Crawl space moisture barrier locatoin:
Which way does the insulation vapor barrier or kraft paper go over a basement or crawl space: facing up (towards the floor above) or facing down (towards the crawl space or basement floor)? This article discusses the proper location and placement of moisture barriers or vapor barriers in crawl spaces to crawl space moisture.
Does the vapor barrier go "up" towards the warm side or underside of the floor above, or does the vapor barrier go "down" facing the crawl space or basement interior?
And what difference does proper crawl space moisture barrier placement make to overall building moisture problems?
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Our page top sketch showing the effects of covering a dirt floor in a crawl space is courtesy of Carson Dunlop Associates. Carson Dunlop's comment that a dirt crawl can contribute several gallons of moisture per day into a home is the best case.
If the crawl area is actually wet from surface runoff, roof spillage, ground water, or plumbing leaks, the amount of water pumped into the home can be much larger and more harmful.
[Click to enlarge any image]
The photo at left shows what can happen when a vapor barrier is placed on the cold side of a building floor - in this case over a damp or wet crawl space or basement. Wet insulation means lost insulation value, risk of mold contamianation, and in some cases structural damage from rot or wood destroying insects.
I have observed extreme strucutral damage from rot in a clean looking crawl space sporting a nice concrete rat slab but where a poly vapor barrier stapled to the joist bottoms trapped and accumulated moisture, finally water, in the floor structure. I could reach out and literally grab and crush rotted floor joist bottoms by the handful.
The question-and-answer article below paraphrases, quotes-from, updates, and comments an original article from Solar Age Magazine and written by Steven Bliss.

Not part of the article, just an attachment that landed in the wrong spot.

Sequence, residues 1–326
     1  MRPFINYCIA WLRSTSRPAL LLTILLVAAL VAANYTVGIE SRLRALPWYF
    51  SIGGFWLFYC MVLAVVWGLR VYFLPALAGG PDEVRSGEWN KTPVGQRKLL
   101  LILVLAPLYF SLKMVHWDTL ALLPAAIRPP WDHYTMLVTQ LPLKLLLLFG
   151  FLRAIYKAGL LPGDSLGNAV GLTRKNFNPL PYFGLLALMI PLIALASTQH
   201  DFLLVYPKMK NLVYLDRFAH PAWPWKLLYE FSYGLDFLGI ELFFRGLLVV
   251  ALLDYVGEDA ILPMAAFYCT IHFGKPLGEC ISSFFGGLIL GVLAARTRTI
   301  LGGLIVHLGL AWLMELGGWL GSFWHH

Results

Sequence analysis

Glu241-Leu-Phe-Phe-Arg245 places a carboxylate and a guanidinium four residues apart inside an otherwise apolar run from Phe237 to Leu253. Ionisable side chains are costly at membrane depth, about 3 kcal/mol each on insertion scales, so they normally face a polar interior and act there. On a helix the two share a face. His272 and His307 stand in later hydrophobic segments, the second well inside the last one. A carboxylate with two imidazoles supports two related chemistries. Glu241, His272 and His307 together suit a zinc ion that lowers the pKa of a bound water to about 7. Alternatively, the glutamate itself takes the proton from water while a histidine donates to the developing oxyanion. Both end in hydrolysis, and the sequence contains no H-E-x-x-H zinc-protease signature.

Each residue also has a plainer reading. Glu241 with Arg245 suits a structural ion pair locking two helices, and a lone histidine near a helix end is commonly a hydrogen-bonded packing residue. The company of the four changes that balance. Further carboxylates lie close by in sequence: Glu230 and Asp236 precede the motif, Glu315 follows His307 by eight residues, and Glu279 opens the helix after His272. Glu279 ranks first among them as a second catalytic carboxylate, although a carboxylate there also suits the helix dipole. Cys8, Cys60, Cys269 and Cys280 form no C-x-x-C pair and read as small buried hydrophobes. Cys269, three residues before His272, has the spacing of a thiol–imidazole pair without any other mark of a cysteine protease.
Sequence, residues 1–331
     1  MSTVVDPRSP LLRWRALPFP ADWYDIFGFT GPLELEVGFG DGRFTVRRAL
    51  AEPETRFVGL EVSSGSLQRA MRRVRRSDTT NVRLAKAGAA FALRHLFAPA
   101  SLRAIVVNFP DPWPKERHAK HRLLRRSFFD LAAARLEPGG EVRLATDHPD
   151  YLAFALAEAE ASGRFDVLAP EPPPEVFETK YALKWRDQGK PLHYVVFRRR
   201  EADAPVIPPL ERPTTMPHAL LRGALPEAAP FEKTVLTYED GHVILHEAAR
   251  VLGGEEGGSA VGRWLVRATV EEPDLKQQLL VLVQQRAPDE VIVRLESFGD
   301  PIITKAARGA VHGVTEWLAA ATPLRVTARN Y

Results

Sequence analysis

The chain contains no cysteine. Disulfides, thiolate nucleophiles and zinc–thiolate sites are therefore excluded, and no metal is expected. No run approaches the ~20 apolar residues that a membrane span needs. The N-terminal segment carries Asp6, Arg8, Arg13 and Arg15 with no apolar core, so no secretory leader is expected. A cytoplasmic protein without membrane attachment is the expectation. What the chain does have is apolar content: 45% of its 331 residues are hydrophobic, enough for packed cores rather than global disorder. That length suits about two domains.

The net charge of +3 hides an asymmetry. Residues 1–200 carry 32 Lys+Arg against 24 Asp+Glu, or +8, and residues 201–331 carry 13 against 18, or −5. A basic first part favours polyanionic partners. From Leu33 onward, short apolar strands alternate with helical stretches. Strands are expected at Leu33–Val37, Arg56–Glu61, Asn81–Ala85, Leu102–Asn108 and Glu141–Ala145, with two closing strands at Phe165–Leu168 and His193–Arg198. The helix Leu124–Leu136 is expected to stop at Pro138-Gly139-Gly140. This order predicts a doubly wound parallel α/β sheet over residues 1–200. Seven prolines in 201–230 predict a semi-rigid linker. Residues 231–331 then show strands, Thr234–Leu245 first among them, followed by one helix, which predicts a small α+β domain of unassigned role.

If you place a vapor barrier on the warm side of the insulation between a heated area and an unheated crawlspace, will moisture from the crawlspace migrate into the insulation and condense?
In the winter, when the house is hot and dry, it seems the vapor barrier should be on the cold side of the insulation. John Mascaro, Mascaro Construction, Philadelphia PA
Moisture migration and relative humidity remain two of the least-understood topics builders face. First, remember that moisture moves from a point of high vapor pressure to a point of low vapor pressure.
Since warm air holds more moisture than cold air, warmer air generally has the higher vapor pressure.
For example, air at 68 degF. at or above 33-percent relative humidity (RH) will have a higher vapor pressure than crawlspace air at 40 degF and 90-pecent relative humidity (RH), and moisture will tend to move, if at all, from the warmer house to the cooler crawlspace.
Using a cold-side vapor barrier would almost guarantee moisture condensation in the insulation in winter - a very undesirable condition that reduces the effectiveness of the insulation and is just asking for a mold contamination problem.
Our horrible crawlspace (above) shows foil-faced fiberglass insulation installed with the vapor barrier facing "down" towards the wet crawlspace floor - this is an example of backwards, incorrect, "cold-side" vapor barrier installation that invites moisture condensation and even mold contamination (see Mold in Fiberglass Insulation) inside the fiberglass insulation.
It is easier to retrofit-add crawlspace insulation this way since we are tempted to just push the insulation up between the floor joists and use the vapor barrier or kraft facing to staple the insulation in place. Notice that the crawlspace insulation is falling down? Stapling insulation up through the foil facing to the underside of the floor joists in this location didn't work.